The final episode of Collin Johnson 's drama series. Capital Return.
Home at last, how will Julius Hutch come to terms with the bank? with Peter Whitman. Director Andy Jordan Rpt
Mrs Pauline Tone:
Six programmes in which blind broadcaster Peter White examines and often explodes the myths about blindness and explores its lighter side.
3: Holidays. Peter recalls the pleasures and pitfalls of "getting away".
Producer Ronni Davis
To mark the release of Strange Days, a film about virtual experiences played straight into the brain,
Paul Gambaccini talks to director Kathryn Bigelow and star Ralph Fiennes.
Producer Jerome Weatherald. Rvsd rpt 9.30pm
John Tusa continues his personal perspective on the last 100 years in a second season of five programmes. 1: Believing. "God is dead", or so Nietzsche proclaimed before he died in 1900. But was he right? John Tusa examines the nature of faith in a century riven by doubt.
Producers Suzanne Levy and Philip Sellars
BBC Foreign Affairs Editor
John Simpson presents six programmes featuring the lives of people forced into exile during political upheaval. 1: Irina Ratushinskaya and Igor Geraschenko
Producer Marc Jobst Rpt
Six real-life dramas based on the casebook of American psychiatrist Irvin Yalom. Dramatised by John Taylor.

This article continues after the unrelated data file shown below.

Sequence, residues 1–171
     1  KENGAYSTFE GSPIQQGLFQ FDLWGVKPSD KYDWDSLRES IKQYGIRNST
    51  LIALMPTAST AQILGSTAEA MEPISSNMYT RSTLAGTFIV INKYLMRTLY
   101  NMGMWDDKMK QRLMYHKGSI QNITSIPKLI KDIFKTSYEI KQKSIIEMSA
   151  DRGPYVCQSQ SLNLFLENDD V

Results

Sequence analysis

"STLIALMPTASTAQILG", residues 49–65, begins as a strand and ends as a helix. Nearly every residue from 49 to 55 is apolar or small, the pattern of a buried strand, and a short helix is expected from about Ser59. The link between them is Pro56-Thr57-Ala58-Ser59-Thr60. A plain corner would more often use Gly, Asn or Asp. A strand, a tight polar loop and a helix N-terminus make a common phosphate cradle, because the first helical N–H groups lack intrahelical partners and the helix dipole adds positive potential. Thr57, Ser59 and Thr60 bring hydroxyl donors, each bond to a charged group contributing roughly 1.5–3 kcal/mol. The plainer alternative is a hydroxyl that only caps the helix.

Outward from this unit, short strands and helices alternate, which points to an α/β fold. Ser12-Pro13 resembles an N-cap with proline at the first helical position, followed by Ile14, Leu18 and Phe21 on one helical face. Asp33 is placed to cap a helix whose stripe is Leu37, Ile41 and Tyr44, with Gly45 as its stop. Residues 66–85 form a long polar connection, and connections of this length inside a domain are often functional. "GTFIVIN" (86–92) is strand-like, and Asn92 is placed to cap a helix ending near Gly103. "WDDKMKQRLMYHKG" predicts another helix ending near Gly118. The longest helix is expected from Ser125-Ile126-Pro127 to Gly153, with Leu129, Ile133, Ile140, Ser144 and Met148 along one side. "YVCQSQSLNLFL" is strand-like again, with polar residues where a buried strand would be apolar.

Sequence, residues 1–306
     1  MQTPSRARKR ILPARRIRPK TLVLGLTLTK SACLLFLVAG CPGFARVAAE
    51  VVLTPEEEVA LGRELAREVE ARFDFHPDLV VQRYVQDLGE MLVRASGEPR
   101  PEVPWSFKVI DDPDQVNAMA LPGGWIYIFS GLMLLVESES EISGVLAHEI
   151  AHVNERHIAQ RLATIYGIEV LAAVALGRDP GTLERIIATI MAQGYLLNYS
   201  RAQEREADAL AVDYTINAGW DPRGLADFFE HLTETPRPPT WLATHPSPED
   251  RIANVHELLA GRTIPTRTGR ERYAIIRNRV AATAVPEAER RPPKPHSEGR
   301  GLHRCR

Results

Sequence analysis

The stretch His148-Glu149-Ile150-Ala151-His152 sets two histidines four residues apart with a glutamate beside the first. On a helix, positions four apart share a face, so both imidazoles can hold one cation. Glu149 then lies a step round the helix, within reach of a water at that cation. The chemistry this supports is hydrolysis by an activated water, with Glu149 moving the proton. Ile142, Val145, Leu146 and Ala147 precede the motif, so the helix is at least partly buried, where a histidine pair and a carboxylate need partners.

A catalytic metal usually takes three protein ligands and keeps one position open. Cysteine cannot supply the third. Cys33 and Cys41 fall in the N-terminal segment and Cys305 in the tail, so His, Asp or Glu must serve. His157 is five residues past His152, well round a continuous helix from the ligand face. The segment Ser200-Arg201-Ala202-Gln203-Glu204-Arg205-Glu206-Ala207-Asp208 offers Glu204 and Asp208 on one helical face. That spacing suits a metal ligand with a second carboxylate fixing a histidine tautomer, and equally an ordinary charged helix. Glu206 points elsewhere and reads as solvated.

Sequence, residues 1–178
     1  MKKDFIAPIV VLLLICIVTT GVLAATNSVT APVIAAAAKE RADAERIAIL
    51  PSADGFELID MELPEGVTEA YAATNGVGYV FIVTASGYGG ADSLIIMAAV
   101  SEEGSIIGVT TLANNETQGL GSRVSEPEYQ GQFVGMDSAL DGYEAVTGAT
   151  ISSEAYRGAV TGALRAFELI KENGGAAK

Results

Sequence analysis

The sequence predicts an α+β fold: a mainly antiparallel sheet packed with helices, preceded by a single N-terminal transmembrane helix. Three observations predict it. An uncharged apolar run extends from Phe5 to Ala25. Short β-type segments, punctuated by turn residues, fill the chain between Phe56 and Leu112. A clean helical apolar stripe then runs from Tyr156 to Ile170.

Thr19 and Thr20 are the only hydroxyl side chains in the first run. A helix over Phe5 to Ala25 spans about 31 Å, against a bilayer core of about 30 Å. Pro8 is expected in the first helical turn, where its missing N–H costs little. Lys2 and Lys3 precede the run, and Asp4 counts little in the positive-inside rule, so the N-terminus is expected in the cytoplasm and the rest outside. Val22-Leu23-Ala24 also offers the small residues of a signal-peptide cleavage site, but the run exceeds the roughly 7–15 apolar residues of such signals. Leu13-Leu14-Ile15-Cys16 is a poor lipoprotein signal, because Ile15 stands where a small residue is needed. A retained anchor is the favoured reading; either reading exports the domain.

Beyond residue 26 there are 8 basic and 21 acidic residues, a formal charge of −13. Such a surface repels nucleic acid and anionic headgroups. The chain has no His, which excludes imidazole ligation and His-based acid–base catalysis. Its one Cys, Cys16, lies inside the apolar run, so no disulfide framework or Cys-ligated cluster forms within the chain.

1: Lost Girls. Starring Henry Goodman as Dr Yalom and Clare Higgins as Penny Sullivan. "My two boys are standing on this platform like they're on display. They have long, girls' hair and they're wearing dresses." A Fiction factory production
Four close encounters with fate.
3: Nice Little Number. With Charles Gray
asHarold Wing Pinero . Vernon Hedges sets out to disprove the existence of Lady Luck. With Philip Jackson , Michael Troughton , Tracey Wiles and Toby Longworth. Written by Phil Whelans and Gary Parker. Producer Paul Schlesinger
There are more than 5 million programme listings in Genome. This is a
historical record of the planned output and the BBC services of any
given time. It should be viewed in this context and with the
understanding that it reflects the attitudes and standards of its time
- not those of today.
To read scans of the Radio Times magazines from the 1920s, 30s, 40s and
50s, you can navigate by issue.
Genome is a digitised version of the Radio Times from 1923 to 2009 and
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obtain the relevant third party permissions for any use, including use in
programmes, online etc.
This internal version of Genome, which includes all the magazine covers,
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